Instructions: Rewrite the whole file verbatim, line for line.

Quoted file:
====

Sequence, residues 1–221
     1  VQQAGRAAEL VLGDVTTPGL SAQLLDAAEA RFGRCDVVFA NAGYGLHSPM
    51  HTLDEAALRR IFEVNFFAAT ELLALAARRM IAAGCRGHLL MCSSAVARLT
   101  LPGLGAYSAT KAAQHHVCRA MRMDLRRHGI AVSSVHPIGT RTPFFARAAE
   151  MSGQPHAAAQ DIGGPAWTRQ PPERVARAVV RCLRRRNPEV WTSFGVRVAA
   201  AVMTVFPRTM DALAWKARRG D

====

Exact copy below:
Sequence, residues 1–221
     1  VQQAGRAAEL VLGDVTTPGL SAQLLDAAEA RFGRCDVVFA NAGYGLHSPM
    51  HTLDEAALRR IFEVNFFAAT ELLALAARRM IAAGCRGHLL MCSSAVARLT
   101  LPGLGAYSAT KAAQHHVCRA MRMDLRRHGI AVSSVHPIGT RTPFFARAAE
   151  MSGQPHAAAQ DIGGPAWTRQ PPERVARAVV RCLRRRNPEV WTSFGVRVAA
   201  AVMTVFPRTM DALAWKARRG D